Twitter Jumps The Shark

Last Updated May 26, 2009 10:43 AM EDT

Now this one really caught me off guard: Twitter is going Hollywood.

Twitter co-founder Biz Stone confirmed multiple media reports (probably re-Tweeted thousands of times) that, "Twitter plans to launch an unscripted show that will put 'ordinary people on the trail of celebrities in a revolutionary competitive format.'" Never one for half-measures or modesty, Stone suggested that "Twitter's open approach might have the power to transform television."

Twitter users, being nothing if not witty, have already suggested a number of titles, including The Curious Case of Benjamin Twitter, To Kill A Tweeting Bird, Crouching Tiger Hidden Twitter, Tweetlejuice, Burn After Tweeting, and of course, Edward Twitterhands.

But the question is, why? Why take a service that has come to embody Web 2.0 in many ways and turn it into a subject of derision? Twitter, which seems to have as many passionate detractors as supporters, is like a teenager who hasn't even figured out what it wants to be, full of tweets and fury but, perhaps, signifying nothing. It has dethroned Facebook as the poster child for irrational investor exuberance, but also like Facebook, has so far rebuffed potential acquirers in the hopes of proving even greater value than is already attributed to their respective services.

Maybe the move to television is born of desperation fueled by a recent poll showing LinkedIn as the social network of choice for business, with Facebook the runner-up and Twitter a distant third. Indeed, while other social networks have a base from which to work, Twitter is a service in search of a purpose. LinkedIn is the leading social network for business users because it has managed to create a useful service that isn't particularly threatening to employers (and which, in some cases, is being used by businesses to recruit potential employees). Facebook may be too dangerous for business users to adopt in mass, but "changing your status" on Facebook seems to have become a lasting cultural badge. MySpace, the uncool version of Facebook, still boasts 125 million users and has features Facebook doesn't, like the ability to customize pages and add music tracks. has an obvious nostaglia appeal and seems to be the only social network that can successfully charge fees for its service.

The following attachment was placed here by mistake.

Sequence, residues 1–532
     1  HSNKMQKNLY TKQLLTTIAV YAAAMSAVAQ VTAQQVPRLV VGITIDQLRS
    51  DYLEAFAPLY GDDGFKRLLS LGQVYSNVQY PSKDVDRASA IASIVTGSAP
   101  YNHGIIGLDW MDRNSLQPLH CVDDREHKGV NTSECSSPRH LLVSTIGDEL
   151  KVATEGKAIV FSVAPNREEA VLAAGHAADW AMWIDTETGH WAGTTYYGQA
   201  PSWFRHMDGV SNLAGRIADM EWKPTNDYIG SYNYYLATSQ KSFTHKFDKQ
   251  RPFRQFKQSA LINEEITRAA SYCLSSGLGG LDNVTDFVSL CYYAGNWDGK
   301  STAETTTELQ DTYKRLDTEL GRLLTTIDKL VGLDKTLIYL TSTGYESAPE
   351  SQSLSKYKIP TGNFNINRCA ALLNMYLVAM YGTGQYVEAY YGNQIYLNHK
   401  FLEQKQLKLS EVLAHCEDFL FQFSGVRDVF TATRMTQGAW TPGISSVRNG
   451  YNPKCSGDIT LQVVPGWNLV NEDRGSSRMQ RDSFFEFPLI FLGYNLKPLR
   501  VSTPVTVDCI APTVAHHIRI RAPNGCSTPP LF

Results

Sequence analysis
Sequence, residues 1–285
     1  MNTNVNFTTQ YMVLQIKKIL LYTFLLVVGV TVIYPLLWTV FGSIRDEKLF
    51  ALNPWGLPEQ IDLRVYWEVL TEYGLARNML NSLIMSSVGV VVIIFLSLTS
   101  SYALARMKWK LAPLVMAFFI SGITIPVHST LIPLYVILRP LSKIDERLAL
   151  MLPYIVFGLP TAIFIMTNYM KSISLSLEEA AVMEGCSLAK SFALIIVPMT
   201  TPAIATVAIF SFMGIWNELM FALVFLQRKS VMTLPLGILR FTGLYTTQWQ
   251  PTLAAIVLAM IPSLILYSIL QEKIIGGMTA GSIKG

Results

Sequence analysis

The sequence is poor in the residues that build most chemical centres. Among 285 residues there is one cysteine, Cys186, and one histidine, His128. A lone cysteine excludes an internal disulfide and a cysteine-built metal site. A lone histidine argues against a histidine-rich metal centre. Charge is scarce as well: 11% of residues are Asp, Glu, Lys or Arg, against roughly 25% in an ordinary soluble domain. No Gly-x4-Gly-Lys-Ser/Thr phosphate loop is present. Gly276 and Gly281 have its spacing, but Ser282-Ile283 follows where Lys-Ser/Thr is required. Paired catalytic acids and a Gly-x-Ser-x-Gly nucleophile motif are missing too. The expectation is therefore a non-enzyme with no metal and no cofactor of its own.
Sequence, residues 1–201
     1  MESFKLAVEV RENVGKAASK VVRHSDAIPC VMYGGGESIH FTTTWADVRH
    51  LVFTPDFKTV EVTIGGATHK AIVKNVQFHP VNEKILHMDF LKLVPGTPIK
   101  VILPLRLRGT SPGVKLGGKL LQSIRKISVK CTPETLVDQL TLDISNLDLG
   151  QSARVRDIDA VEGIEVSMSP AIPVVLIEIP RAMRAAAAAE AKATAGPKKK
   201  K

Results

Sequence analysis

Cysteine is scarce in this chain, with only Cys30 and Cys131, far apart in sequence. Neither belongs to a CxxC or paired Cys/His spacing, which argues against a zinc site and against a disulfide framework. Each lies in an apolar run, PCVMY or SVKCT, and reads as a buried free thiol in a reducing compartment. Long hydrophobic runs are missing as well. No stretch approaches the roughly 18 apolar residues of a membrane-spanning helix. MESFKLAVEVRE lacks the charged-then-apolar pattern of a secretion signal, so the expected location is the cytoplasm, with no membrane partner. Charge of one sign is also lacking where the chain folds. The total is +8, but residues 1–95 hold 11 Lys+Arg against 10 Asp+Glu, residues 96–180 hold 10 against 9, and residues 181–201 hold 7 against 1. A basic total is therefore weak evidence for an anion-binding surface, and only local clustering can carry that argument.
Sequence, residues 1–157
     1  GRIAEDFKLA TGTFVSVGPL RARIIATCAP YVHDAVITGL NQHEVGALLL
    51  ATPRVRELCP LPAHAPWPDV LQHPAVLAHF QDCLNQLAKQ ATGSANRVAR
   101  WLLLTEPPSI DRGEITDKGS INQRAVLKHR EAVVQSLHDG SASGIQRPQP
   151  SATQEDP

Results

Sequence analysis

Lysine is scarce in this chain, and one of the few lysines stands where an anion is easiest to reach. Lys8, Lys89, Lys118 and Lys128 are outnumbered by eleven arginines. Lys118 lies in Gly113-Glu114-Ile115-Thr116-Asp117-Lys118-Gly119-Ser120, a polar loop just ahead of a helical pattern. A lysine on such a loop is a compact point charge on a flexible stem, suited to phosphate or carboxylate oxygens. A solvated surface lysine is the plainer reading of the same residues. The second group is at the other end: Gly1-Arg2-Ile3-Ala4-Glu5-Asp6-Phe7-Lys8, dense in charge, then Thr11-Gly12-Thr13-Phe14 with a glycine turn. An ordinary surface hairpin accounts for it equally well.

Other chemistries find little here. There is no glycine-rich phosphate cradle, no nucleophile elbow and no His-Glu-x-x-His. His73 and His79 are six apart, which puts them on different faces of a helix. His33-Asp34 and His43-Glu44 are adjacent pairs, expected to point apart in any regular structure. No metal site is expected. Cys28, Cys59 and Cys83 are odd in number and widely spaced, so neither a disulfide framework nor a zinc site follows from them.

Twitter has little potential in the consumer space, and relies on a bevy of power users to evangelize on its behalf. Its potential in the business arena is already under threat from Microsoft, which is testing a similar service called Vine, and Oracle, which has rolled out OraTweet to its developer community. Twitter also has an obvious customer retention problem, which may be why it needs to generate even more growth -- to sustain usership despite enormous churn.

I have no doubt that Facebook will find the right balance between respecting its users and monetizing its site, while LinkedIn and have already settled into their cruising speed. But Twitter is still "trying to find itself," and by the time it does, it's time may be already past. Hence the move to capture the imagination of "ordinary" Americans by associating itself with a reality TV show, I suppose in the hopes that the audience will see Twitter as something more than a means of annoying friends and alienating strangers. By the time the Twitterific show hits the airwaves, though, the Twitter phenomenon may have already run its course, leaving the Twitter founders with little choice but to hire Henry Winkler as the host of their new reality show.

  • Michael Hickins

    Michael Hickins has written about technology and business for BNET, InformationWeek,, eWEEK -- where he was executive editor from 2007-2008 -- The Curator,, Multex Investor, Reuters, and Conde Nast's Hickins is the author of The Actual Adventures of Michael Missing, a collection of short stories published by Alfred A. Knopf in 1991. He also published Blomqvist, a picaresque novel set in 11th century Europe, in 2006. Hickins remains passionately interested in the intersections of business, technology, politics and culture, and endures a life-long obsession with baseball. He is married with two children and lives in Manhattan.